Installing XNA Game Studio Express
To use XNA Game Studio Express we must use Visual C# Express. We cannot use Visual Studio .NET Professional nor can we use any other IDE. Although there are people who have successfully been able to run XNA and even get the Content Pipeline (which we talk about in Part III of the book) to work in Visual Studio .NET Professional, it is not officially supported by Microsoft and is not covered in this book.
To get started complete the following steps:
- Run the xnagse_setup.msi file from Microsoft's website. The file can be downloaded by clicking on the top link of the Creator's Club Resources—Essentials web site http://creators.xna.com/Resources/Essentials.aspx.
- Click Next to get past the setup welcome screen.
- The next screen is the End-User License Agreement. If you accept the terms, select the check box and click Next.
- This will open up a notification dialog box that explains that the Windows Firewall will have a rule added to it to allow communication between the computer and the Xbox 360. This can be seen in Figure 1.7.
Figure 1.7 XNA Game Studio Express modifies the Windows Firewall so an Xbox 360 and the PC can talk to each other.
- Click Install to continue. The next screen shows the progress of the installation.
- Once it has completed installing all of the required files we will be presented with the completion dialog box. Simply click Finish to exit the setup.
After we have installed XNA Game Studio Express, we can go to the Start menu and see it added a few more items than those contained in the IDE. Make sure to take time and read through some of the XNA Game Studio Express documentation. There is also a Tools folder that contains a couple of tools we will be looking at later. We will be discussing the XACT tool in Chapter 6, "Loading and Texturing 3D Objects," and the XNA Framework Remote Performance Monitor for Xbox 360 application in Chapter 3, "Performance Considerations." Go ahead and open the IDE by clicking XNA Game Studio Express on the Start menu.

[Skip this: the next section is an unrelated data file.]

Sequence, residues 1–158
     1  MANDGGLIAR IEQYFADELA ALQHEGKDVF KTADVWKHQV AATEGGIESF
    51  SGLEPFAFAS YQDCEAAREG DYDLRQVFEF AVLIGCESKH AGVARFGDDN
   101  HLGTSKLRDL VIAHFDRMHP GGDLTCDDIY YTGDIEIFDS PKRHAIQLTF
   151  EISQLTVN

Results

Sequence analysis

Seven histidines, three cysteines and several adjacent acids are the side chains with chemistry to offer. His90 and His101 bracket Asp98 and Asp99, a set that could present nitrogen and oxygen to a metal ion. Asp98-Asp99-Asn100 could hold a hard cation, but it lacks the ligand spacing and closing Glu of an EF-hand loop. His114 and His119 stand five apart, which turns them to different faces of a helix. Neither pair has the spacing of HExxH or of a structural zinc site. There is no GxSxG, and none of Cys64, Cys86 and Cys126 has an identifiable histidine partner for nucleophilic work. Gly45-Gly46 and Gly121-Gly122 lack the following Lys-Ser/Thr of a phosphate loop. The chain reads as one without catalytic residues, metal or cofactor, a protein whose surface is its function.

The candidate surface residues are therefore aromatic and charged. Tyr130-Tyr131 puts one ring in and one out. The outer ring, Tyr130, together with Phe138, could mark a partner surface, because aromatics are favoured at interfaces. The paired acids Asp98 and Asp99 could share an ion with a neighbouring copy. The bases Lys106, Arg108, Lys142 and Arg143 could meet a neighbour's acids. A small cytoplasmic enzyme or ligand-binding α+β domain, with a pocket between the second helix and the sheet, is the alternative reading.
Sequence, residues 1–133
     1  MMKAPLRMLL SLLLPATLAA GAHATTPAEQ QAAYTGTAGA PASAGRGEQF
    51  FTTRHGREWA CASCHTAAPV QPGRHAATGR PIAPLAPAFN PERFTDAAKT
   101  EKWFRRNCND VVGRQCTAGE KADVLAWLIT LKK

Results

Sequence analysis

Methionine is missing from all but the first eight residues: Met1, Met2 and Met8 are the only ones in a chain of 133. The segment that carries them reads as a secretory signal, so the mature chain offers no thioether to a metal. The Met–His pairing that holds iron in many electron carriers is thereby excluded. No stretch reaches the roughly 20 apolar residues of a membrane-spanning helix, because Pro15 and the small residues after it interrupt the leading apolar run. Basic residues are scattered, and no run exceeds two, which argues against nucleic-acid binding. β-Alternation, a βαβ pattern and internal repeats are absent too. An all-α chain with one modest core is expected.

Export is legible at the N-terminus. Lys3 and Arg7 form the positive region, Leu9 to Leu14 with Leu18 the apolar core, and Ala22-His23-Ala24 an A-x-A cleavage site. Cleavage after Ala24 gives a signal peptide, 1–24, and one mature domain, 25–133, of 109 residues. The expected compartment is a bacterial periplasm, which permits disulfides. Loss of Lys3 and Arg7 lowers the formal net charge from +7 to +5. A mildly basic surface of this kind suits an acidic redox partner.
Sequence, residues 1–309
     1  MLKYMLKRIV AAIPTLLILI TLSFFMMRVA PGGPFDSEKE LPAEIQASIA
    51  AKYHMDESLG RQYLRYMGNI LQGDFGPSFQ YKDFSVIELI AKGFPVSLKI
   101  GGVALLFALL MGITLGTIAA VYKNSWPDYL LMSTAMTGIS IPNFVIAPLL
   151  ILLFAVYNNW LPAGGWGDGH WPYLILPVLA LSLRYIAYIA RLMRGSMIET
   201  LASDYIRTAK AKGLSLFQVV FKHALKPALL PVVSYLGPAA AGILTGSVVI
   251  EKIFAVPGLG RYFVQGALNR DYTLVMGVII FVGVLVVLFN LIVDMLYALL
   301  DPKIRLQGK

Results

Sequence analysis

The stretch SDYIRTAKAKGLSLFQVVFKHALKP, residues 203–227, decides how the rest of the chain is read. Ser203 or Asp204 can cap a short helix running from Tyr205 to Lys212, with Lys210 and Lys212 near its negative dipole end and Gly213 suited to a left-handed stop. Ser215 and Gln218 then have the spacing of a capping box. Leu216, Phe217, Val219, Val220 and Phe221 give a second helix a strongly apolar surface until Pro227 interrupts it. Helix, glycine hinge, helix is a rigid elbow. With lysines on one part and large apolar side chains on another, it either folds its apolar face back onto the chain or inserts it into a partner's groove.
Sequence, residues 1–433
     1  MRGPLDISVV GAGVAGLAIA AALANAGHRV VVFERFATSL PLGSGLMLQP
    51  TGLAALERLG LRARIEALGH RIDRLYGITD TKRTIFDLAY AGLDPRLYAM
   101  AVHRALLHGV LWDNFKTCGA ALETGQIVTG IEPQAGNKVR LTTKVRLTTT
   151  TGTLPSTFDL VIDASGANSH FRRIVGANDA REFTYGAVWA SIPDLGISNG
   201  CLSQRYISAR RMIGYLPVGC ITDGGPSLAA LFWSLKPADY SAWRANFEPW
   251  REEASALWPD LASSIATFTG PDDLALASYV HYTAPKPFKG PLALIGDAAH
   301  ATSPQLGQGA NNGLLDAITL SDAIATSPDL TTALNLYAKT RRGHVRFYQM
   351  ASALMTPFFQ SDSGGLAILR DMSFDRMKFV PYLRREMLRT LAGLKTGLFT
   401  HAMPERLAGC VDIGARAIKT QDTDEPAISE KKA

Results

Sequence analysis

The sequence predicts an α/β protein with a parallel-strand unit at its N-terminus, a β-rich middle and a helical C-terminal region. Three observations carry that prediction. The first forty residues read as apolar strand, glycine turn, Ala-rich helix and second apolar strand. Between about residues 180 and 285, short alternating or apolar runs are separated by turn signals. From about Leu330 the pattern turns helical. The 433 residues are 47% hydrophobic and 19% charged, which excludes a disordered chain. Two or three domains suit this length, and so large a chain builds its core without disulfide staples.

Hmm, this looks identical to the Visual C# Express IDE. There is a good reason for this—it is the same application! When we installed XNA Game Studio Express it added properties to Visual C# Express to allow it to behave differently under certain circumstances. Mainly it added some templates, which we will look at shortly, and it added the ability for Visual C# Express to handle content via the XNA Content Pipeline. It also added a way for us to send data to our Xbox 360, as we will see in the next chapter.